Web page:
English Education and Freedom in Occupied Palestine

Samira jafar Blogs

In 1987, during the beginning of the Palestinian Intifada, education became illegal in Occupied Palestine as decreed by the Israeli government. Palestinian children were arrested for carrying books, and teachers were arrested for holding classes or supplying educational materials to students. According to Yamila Hussein’s article, “The Stone and the Pen,” this action “created a fleeting space for the Palestinians to assume responsibility for their own education” (2005, p. 1). Palestinian students and society alike rallied for international support to end the education ban, but during the ban, education among Palestinians did not halt. Thus began the first seeds of education as a path to resistance and freedom, and a new generation of Palestinians intent on expressing their culture, personhood, and thoughts through the process of learning.

For Palestinian children, the very act of going to school is a rebellion. In 2017, in the Occupied West Bank, students turned up in September for the new school year to find their schools turned to complete rubble after bombing raids by the Israeli government. This year, in 2023, the school year ended early in Gaza due to the deaths of most students. Military occupation and apartheid rules – such as the allegations that schools in Gaza and the West Bank, many of which are funded by the European Union and UNRWA, do not have permits approved by the Israeli government – have unlawfully hindered the education of these students. Six schools have been forcibly closed in Jerusalem this year alone (Abu Hilal, 2023). But in videos taken in refugee camps and shelter areas around hospitals and UNRWA schools in Gaza, we can still see children reading, speaking, and communicating their thoughts to the world.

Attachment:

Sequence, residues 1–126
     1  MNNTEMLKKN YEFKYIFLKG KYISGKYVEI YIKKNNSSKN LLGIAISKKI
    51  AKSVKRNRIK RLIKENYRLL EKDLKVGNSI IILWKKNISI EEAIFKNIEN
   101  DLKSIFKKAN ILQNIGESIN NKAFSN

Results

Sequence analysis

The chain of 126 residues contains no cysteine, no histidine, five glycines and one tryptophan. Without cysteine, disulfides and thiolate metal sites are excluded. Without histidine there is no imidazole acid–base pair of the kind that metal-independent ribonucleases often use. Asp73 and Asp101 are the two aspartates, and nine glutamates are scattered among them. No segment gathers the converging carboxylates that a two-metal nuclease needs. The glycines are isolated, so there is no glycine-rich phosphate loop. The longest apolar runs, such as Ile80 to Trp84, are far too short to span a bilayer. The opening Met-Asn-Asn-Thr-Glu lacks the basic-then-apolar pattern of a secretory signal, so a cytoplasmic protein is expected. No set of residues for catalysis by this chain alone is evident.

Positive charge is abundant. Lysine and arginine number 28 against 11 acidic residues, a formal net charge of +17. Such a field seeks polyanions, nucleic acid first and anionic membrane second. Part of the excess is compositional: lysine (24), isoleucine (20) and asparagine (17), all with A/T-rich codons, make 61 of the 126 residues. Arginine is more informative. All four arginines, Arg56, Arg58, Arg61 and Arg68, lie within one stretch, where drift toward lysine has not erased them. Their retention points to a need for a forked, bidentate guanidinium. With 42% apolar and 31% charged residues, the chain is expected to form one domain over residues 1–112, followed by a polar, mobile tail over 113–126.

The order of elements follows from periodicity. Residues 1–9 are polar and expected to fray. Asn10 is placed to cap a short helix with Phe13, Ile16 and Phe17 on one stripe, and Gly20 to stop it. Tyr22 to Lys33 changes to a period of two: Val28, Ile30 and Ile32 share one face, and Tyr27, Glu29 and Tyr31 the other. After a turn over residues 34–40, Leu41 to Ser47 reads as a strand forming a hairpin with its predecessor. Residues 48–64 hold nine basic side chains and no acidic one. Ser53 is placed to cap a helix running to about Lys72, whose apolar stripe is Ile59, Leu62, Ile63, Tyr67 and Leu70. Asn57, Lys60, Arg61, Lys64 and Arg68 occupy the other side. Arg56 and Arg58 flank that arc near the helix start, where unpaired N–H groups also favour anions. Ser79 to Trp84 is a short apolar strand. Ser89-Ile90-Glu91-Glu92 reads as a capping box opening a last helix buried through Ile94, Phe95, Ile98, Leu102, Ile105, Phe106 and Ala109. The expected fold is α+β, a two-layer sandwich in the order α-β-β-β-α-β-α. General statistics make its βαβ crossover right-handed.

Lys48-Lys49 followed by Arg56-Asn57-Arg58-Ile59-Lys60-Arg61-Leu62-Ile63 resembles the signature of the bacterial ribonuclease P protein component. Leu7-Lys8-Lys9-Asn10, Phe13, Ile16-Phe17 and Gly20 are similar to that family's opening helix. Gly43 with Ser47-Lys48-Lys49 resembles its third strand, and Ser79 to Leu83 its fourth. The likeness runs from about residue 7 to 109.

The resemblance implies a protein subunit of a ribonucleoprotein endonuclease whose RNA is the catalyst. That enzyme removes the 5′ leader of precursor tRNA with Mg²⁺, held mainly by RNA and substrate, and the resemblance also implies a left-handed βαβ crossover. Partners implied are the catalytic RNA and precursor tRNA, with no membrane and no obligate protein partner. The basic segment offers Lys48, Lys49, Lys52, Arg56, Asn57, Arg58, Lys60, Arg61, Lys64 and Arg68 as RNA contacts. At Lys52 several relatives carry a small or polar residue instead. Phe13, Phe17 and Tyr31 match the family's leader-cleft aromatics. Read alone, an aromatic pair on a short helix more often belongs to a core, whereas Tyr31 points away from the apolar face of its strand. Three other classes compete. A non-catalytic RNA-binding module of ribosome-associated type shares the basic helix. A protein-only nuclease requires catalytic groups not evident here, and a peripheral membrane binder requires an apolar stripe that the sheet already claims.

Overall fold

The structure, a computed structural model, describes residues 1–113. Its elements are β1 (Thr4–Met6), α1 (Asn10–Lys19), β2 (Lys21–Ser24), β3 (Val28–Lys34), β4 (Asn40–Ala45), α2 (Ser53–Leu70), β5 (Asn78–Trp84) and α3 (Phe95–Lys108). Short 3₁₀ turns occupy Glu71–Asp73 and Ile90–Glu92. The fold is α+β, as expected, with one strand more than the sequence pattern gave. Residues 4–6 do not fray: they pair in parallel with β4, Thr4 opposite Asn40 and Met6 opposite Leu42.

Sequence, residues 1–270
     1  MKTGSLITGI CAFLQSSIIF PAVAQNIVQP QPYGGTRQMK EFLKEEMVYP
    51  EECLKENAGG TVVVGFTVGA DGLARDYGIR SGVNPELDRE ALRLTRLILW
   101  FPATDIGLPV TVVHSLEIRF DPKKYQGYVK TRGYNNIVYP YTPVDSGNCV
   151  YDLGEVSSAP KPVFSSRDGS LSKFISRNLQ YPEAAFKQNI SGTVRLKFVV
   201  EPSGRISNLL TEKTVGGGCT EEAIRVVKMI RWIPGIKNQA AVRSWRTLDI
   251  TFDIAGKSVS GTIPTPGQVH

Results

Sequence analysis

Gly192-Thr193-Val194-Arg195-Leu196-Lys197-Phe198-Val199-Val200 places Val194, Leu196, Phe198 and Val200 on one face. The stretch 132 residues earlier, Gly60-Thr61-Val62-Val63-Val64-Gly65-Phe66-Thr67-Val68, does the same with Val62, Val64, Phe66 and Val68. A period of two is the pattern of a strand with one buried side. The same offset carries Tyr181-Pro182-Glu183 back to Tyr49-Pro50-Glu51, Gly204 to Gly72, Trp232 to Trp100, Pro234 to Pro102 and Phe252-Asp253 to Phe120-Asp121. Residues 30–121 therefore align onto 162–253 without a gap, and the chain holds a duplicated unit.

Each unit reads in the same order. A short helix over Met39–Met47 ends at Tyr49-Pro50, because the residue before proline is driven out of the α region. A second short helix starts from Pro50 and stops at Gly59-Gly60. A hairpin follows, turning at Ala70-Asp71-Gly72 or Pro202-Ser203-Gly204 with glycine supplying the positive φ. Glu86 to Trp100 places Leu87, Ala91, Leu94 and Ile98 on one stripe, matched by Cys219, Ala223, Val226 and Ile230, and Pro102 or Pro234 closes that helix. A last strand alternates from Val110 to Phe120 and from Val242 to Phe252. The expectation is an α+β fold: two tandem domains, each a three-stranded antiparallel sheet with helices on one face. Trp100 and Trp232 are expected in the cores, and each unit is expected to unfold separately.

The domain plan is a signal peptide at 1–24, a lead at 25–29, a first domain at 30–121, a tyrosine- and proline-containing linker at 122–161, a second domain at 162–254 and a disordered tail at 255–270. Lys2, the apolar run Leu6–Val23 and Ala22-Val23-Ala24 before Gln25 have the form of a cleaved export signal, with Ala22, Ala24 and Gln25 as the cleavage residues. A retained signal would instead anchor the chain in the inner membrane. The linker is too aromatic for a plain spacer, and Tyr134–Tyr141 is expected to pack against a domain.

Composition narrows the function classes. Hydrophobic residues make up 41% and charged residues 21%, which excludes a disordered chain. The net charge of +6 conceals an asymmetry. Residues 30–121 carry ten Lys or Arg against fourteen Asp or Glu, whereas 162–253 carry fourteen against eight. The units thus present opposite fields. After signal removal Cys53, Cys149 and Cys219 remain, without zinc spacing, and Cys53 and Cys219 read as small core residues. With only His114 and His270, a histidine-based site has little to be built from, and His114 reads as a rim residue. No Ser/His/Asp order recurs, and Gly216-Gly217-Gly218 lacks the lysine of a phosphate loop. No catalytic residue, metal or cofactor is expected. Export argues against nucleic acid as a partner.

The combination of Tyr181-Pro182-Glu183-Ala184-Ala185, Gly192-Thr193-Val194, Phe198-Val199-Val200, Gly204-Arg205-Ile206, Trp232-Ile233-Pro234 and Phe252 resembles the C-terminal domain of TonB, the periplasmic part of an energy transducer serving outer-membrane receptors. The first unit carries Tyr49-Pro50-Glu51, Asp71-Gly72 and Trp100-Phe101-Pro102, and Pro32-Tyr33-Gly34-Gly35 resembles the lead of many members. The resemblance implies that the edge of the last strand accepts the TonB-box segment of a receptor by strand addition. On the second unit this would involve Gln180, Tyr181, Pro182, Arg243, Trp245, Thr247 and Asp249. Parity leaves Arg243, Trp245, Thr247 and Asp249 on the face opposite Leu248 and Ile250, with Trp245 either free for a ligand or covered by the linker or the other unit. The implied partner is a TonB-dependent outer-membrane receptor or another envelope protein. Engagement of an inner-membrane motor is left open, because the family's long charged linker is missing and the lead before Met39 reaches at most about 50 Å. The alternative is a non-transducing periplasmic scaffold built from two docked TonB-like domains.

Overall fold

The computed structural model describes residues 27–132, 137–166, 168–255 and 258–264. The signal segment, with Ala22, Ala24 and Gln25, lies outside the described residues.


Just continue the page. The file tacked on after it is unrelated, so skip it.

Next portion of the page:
In Occupied Palestine, there are a handful of organizations that provide ESL teachers with the opportunity to teach English in refugee camps. The pursuit of education has been deeply embedded within Palestinian society for many years. A study conducted at the University College of London by Tejendra Pherali and Ellen Turner highlighted this ideology through interviews with students and parents of children in UNRWA schools; one parent said that “education is life for them [the students]. We don’t have components for a state, therefore, education is the first priority” (2018, p. 7). For schools in the West Bank, English education is primarily important, especially for younger students. In Pherali and Turner’s study, students used written English and drawings to communicate with the UNRWA teachers about their lost ancestral homes and the origins of their families. This determination to communicate the Palestinian identity and struggle to speakers of English is a driving force of Palestinian education. By communicating, these students are a step closer to realizing their collective Palestinian identity and controlling their own narratives.

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